There are about 40 different species of rabbits, hares, and pikas, all of which are classified as members of the mammalian order Lagomorpha. Based on fossil evidence, Lagomorpha likely originated in Asia during the Eocene epoch, at least 40 million years ago. Several species of rabbits and hares can be found on every continent except Australia. This widespread distribution may be a result of the break-up of continents during this time period.
The European rabbit (Oryctolagus cuniculus) is the only species of rabbit to have been widely domesticated, and today there are more than 60 recognized breeds of domestic rabbit in Europe and the Americas. It is not related to any other species of rabbit or hare, including the jackrabbits and cottontails native to North America.
The European wild rabbit evolved some 4,000 years ago on the Iberian Peninsula, the term ‘Hispania’ (Spain) is derived from the moniker given to that area by Phoenician merchants, meaning ‘country of the rabbits’. When settling in Spain around 200 B.C., the Romans domesticated rabbits for their meat and fur. The Romans used this method, which they named “cuniculture,” to raise rabbits within secure areas. Oryctolagus cuniculus, the Latin name for rabbits, literally translates to “hare-like digger of underground tunnels,” thus it’s no surprise that these animals wanted to escape.
Increased international trade and the expansion of the Roman Empire both contributed to the spread of the European rabbit throughout most of the rest of Europe and Asia. Bunnies quickly established enormous numbers in the wild due to their rapid reproductive rate and the increased cultivation of land that provided suitable habitats. As European explorers and colonists discovered and settled in new lands, they brought the European rabbit with them.
The wild rabbit population expanded swiftly in regions where the environment was favorable and there were few predators. The European rabbit quickly became a common sight in places like North America and Australia, where the native rabbit has become a pest for farmers and environmentalists.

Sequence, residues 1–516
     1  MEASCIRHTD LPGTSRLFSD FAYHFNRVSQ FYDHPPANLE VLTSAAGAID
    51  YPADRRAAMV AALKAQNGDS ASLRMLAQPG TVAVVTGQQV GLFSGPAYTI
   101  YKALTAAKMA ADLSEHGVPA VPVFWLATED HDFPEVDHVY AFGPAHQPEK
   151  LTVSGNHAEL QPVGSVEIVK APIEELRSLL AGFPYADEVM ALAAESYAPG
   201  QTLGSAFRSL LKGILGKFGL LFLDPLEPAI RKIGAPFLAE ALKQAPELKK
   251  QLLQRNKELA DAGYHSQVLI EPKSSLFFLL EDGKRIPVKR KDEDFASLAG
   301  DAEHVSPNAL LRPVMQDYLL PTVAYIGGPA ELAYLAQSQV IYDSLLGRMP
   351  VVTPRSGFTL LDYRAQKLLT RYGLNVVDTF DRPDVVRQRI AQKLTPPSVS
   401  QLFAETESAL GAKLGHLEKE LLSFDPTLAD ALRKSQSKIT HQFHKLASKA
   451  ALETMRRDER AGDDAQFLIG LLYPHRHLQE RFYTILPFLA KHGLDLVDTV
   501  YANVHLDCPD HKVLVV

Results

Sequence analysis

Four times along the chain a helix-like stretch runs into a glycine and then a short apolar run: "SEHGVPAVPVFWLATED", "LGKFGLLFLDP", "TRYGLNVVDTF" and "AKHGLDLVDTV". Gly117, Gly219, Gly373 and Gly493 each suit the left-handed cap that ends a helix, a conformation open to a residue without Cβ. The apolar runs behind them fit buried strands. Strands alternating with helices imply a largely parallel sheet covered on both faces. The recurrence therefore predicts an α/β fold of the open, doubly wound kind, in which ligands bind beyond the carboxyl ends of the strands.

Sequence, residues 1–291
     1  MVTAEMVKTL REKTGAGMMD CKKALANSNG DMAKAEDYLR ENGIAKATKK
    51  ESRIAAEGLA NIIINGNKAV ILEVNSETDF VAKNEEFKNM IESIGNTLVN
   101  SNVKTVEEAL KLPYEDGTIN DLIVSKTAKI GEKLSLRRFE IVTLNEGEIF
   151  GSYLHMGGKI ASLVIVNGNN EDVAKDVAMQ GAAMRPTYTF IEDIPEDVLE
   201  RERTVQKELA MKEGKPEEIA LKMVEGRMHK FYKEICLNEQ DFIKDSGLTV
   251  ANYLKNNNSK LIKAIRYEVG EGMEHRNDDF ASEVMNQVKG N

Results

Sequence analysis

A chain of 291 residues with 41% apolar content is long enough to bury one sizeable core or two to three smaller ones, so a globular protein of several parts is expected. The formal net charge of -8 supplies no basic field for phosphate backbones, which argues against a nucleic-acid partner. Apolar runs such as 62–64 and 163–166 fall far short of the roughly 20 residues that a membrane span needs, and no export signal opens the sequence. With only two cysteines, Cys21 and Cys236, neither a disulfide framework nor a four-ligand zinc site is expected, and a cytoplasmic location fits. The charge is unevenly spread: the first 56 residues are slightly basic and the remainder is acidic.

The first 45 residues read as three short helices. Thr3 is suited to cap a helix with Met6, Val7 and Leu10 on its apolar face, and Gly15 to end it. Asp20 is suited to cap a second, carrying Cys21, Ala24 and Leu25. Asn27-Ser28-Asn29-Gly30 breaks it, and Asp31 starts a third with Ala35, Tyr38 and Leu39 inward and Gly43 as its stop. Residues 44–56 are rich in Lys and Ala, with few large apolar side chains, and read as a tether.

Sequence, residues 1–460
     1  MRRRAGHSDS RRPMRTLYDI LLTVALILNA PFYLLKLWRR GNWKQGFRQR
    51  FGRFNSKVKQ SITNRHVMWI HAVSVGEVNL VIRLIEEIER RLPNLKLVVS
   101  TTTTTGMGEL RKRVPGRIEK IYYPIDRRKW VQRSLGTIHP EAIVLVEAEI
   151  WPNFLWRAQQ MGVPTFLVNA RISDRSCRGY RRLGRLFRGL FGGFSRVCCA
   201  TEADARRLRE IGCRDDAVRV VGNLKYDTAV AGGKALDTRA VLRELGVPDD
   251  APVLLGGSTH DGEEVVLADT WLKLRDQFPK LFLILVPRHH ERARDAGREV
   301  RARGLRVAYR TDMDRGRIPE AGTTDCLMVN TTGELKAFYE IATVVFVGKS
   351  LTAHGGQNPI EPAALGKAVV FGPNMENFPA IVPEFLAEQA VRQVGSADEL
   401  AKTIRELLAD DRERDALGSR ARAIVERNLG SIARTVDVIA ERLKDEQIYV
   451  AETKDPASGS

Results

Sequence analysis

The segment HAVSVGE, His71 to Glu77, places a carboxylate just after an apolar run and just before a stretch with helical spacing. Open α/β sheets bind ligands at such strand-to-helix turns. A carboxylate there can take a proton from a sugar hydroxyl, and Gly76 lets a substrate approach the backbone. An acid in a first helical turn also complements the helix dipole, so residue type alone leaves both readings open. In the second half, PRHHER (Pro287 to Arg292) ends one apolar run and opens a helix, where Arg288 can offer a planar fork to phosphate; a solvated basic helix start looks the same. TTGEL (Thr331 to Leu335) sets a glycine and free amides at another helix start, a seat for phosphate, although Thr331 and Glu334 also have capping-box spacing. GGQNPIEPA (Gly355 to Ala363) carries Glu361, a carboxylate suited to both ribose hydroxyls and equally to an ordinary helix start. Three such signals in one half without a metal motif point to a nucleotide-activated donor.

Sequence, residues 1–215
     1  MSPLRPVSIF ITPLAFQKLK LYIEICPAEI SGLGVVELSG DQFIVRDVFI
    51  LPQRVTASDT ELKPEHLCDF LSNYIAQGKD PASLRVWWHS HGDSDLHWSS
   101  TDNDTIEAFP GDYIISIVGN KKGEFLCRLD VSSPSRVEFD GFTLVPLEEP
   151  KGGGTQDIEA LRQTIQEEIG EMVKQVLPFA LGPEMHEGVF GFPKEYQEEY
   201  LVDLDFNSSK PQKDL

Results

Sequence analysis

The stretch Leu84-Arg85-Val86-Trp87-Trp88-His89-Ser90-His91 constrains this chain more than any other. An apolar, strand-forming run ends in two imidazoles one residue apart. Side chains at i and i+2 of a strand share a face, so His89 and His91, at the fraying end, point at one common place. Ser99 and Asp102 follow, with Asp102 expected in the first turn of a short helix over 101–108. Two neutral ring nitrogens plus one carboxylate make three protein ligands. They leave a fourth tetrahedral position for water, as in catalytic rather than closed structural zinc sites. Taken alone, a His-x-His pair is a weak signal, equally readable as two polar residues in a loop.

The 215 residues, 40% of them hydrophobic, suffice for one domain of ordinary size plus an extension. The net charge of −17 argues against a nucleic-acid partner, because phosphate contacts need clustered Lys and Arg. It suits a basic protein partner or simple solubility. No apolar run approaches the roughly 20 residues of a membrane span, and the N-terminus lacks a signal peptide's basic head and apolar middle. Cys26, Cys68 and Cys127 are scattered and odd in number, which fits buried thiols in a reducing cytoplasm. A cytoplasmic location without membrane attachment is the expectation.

According to legend, monks in France’s Champagne District were the first to domesticate wild bunnies in the 5th century. The monks were probably the first people to keep rabbits in cages for easy access to food and to begin selectively breeding them for characteristics like size and coat color. The 12th century saw the introduction of rabbits to Britain, and by the Middle Ages, rabbits were being bred and farmed across Europe for their meat and fur.
Some women of the Medieval aristocracy reportedly kept rabbits as pets. Many old rabbit breeds may trace their ancestry back several centuries, thanks to selective breeding efforts across Europe that resulted in regionally diverse strains. References in the 16th century suggest that the Flemish Giant was already being pure-bred under the name Ghent Giant, in the Flemish-speaking Ghent area of Belgium; 17th-century sources tell of the arrival of silver rabbits in England and France, brought from India and China by seafarers and influential in the Silver and Champagne de Argente breeds; 18th-century sources describe a variety of rabbit colors and patterns, including white ‘Dutch’ marking By the mid-19th century, a vast range of domestic rabbit breeds, from the miniature Polish rabbit to the massive Flemish Giant, had developed as a result of the widespread practice of selective breeding.
Domestic rabbits were kept for their meat and fur exclusively up until the 19th century, when the Victorian era saw the development of numerous new “fancy” varieties for the hobby of breeding rabbits specifically for displaying. As people moved from the countryside to the growing cities, they often brought rabbits with them because they were the only ‘farm’ animal that could be kept in urban settings outside poultry.
Although a large portion of these rabbits was grown for consumption, rabbits also grew popular as pets among the expanding middle class. They felt a sentimental attachment to rabbits because of their associations with the countryside and the animals they had left behind. Products based on rabbits were advertised as being suitable for children, and this sentimental view of rabbits lives on in the common usage of the word “bunny” to refer to a newborn baby and in the concept that rabbits make good pets for kids. By the 20th century, rabbit fanciers all throughout Europe were actively working to improve the species by creating new breeds and colors.
Natural genetic mutations gave rise to several breeds, such as the Himalayan and the Rex, which were then corrected or improved via selective breeding. Some were created through intentional breeding, especially with rabbits brought to Europe from other parts of the world. There emerged a plethora of breed clubs and associations, and the popularity of certain breeds swung wildly, frequently as a result of shifting consumer tastes in fur and commercial dog breeds.